I would like to meet a literary agent for a face-to face discussion. I’ve never met one. I’ve corresponded with dozens of literary agents, some of whom have even been kind enough to send me brief notes of refusal. Therefore, when I saw the obituary of David Miller, literary agent, who died, aged 50, on December 30 last year, I had to read it. What sort of person was he? Would I have gotten on with him? More importantly, would he have liked my books?
My pre-conceived notion of the ‘standard personality’ of a literary agent is: a slightly unattractive, introverted, intelligent, sensitive, artistic person with an emotional intelligence approaching zero. I would expect him or her to look up from a cluttered desk, behind which the shades are drawn, peer at me over half-moon spectacles, and inquire, “Yes?”
Having read the obituary of David Miller that appeared in the Daily Telegraph two days ago, I have concluded that my ‘literary agent standard personality’ is – at least in David Miller’s case, pretty far off target.
The obituary says: “The son of a chartered surveyor, David Miller was born in Edinburgh on February 6, 1966, and educated at King’s School Canterbury, and at Girton College, Cambridge, where he read theology. After a short spell at a City recruitment consultancy, where he learned his formidable telephone-bashing skills, Miller joined the literary agency Rogers, Coleridge & White in 1990. One of the many ways in which the agency bucked tradition was to hire a succession of presentable young men to take calls and occupy the front desk. Miller, in his slender, younger days, equipped with a matinee-idol forelock and an expression that was somehow both sardonic and guileless, fitted the bill perfectly.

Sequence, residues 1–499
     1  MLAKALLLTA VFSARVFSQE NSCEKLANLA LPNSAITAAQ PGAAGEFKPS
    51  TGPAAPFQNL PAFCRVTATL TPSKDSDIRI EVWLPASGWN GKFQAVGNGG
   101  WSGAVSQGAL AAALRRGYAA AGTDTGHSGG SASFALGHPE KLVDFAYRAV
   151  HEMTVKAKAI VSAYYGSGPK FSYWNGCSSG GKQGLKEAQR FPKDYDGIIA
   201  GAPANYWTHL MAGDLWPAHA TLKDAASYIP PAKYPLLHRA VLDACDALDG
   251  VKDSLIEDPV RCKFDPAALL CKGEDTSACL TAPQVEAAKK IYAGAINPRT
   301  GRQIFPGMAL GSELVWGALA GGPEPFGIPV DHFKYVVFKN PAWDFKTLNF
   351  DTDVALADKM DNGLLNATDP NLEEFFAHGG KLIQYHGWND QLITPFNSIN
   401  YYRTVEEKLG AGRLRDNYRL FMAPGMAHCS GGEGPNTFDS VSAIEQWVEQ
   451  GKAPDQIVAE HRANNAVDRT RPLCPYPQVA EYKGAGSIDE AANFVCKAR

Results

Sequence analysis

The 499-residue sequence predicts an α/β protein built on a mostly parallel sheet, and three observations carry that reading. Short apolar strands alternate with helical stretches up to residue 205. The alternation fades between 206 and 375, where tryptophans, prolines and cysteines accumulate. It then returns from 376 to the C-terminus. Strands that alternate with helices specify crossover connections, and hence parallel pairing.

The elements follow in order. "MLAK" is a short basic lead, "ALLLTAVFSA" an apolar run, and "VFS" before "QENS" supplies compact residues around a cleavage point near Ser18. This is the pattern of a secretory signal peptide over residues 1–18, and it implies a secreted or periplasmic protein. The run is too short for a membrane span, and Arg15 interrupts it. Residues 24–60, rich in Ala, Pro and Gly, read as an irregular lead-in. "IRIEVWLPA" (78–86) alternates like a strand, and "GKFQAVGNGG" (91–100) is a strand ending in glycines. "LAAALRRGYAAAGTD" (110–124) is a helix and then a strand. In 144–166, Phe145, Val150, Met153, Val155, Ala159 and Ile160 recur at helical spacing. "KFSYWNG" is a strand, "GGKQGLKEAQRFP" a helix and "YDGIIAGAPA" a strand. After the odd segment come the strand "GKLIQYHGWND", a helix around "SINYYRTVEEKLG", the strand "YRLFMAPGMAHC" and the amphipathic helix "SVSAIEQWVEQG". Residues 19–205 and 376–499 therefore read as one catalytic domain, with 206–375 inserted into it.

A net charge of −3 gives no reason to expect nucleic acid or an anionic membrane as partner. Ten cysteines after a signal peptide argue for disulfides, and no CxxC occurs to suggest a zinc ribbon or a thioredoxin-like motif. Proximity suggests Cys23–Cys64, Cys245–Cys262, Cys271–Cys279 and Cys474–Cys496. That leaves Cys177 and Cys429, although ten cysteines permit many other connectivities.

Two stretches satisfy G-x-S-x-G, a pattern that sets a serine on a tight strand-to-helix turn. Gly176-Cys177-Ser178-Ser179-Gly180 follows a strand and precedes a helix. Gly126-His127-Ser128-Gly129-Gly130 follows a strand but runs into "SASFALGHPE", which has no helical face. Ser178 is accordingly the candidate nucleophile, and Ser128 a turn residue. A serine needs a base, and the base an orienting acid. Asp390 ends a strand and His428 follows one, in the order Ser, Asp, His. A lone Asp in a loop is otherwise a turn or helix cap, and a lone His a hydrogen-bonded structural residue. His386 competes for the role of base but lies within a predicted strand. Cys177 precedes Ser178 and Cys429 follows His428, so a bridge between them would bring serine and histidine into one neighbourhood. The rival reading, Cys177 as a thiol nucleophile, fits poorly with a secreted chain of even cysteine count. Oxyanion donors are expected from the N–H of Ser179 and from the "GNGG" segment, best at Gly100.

“He quickly became an agent, and set about building a stable of authors. His first client was the Booker-shortlisted novelist Nicola Barker. She later described him as ‘too wayward and funny and complex either for fiction or for real life. An absolute one-off.’ Some (of his clients) enjoyed considerable sales, notably Victoria Hislop, but Miller had the rare gift of seeming to care about money neither too much, nor too little. And if this was something of an act – posthumous revelations about him having one phone for his ‘wonga’ clients and one for the rest would have pricked several authors’ amour propre – it was a useful and educational one.
“Business was generally conducted over lunch. Miller would arrive all of a kerfuffle, like the White Rabbit. His personal style had evolved into a rather Doctor Who-ish blend of elegance and scruff _ moleskin, swirling scarves, on occasion even a fedora hat – a certain clerical sleekness combined with a tangible air of mischief, he would . . . after a rapid gossip download, produce a book proposal or a chunk of manuscript, marked up with a proper fountain pen. In the conviviality of what ensued, at the end of which authors would find themselves deposited on a pavement somewhere in west London, the late afternoon sunshine stinging their eyes, it was easy to overlook the rigour that Miller had brought to the preceding couple of hours.
“Ferdinand Mount writes: ‘David Miller wasn’t just and agent, he was a personal battery charger. Just to hear his thrilling stage whisper over the phone or to see him bounce round the corner in a huge jersey too heavy for the time of year with a bundle of manuscripts under his arm set you up for the day. He always knew how to persuade you to write a book you hadn’t particularly thought of writing, or how to rewrite it when it didn’t work, because he knew more about books than any publisher and himself wrote better than most of his clients. . . . He was fearless, unquenchable and the kindest man you could ever hope to meet.'”
I would say that David Miller was attractive, extroverted, intelligent, brash, artistic, with a sky-high emotional intelligence. I would have loved to have lunch with him even if he turned down my book proposal!